Doctors have told the family he will never recover from a brain injury and it would be kinder to let him die.
London – The parents of a desperately ill baby boy will on Tuesday beg a judge to give him a chance at life.
Doctors have told Midrar Ali’s family he will never recover from a brain injury and it would be kinder to let him die.
They are asking a court to sanction removing life support from Midrar, who will be three months old tomorrow.
But his parents are adamant their little boy is improving and plan to fight the application by Manchester’s St Mary’s Hospital, saying: ‘We will never agree to end the life of our son.’
Their plight has echoes of the cases of baby Charlie Gard, whose parents fought a similar battle in 2017, and of five-year-old Tafida Raqeeb, whose parents recently won the right to take her to Italy for treatment. Midrar’s mother Shokhan had a normal pregnancy but complications during birth meant her baby’s brain was starved of oxygen, said his father Karwan Ali.
‘Everything was totally fine until his birth,’ said Mr Ali, 35. ‘When Midrar came out, they resuscitated him with chest compressions and drugs and they heard his heart beat after eight minutes. He was taken to intensive care. Midrar was in a coma, but after 43 days we noticed his eye beginning to open.
‘We have videos of him moving his finger. And he responds when we place our hand on his chest. He tries to turn his head and stretch his chest. He’s trying – he just needs more time.’
Mr Ali, a biomedical scientist, and his wife, 28, have an older son, aged two, and the family, from Manchester, keep a round-the-clock vigil at Midrar’s bedside. ‘We have been here three months and normal life has stopped,’ said Mr Ali. Midrar is fed through a tube and is growing normally. He is now 11lb 7oz (5.2kg).
‘He breathes with a ventilator but you can see that he is trying to breathe without it, and we would like to let him try,’ said Mr Ali.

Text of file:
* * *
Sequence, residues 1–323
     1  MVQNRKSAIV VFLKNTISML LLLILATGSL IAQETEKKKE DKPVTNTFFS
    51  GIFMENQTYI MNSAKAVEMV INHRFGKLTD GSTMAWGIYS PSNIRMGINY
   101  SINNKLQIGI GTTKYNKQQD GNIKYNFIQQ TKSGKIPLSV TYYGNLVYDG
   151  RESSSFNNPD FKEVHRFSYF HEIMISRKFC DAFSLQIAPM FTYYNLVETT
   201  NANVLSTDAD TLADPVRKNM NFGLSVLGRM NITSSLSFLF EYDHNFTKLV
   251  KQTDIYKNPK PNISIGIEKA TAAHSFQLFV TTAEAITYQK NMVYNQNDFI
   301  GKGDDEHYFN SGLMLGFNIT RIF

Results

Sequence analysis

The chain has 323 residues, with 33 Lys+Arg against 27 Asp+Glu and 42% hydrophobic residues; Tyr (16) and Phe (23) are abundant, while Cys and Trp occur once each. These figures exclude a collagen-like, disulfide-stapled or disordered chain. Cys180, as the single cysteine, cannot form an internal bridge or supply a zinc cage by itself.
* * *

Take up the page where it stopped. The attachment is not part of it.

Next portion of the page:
‘Every single day more than ten times he makes some movement. He is not brain dead. We have videos of him moving his head, his eyes, his finger.
‘It is not a total movement but it is progress. Why is there a rush? Let him have time. We strongly believe in the importance of life.
‘Maybe he would be disabled but we would think about that later. If he is disabled then we would have no choice, we would have to deal with it and cope. For now, we just have to keep him alive.
‘But the hospital has closed all the doors on us, they say there is no hope, his brain is dead. They say his movements are just reflex, not brain activity.’
The Family Court in Preston is due to hold a preliminary hearing on the case today. Last night a spokesman for Manchester University NHS Foundation Trust, which runs the hospital, said it would not comment on the case.
Charlie Gard died on July 28, 2017, shortly before his first birthday, after a lengthy court battle over his treatment for a rare inherited disease. His parents, Connie Yates and Chris Gard from Bedfont in south-west London, wanted to take him to America for an experimental treatment and raised more than £1.3million in public donations to pay for it, including tens of thousands from Daily Mail readers.
But a High Court judge ruled the treatment was not in Charlie’s best interests after doctors at Great Ormond Street Hospital warned there was no evidence it would succeed, and that Charlie had severe brain damage.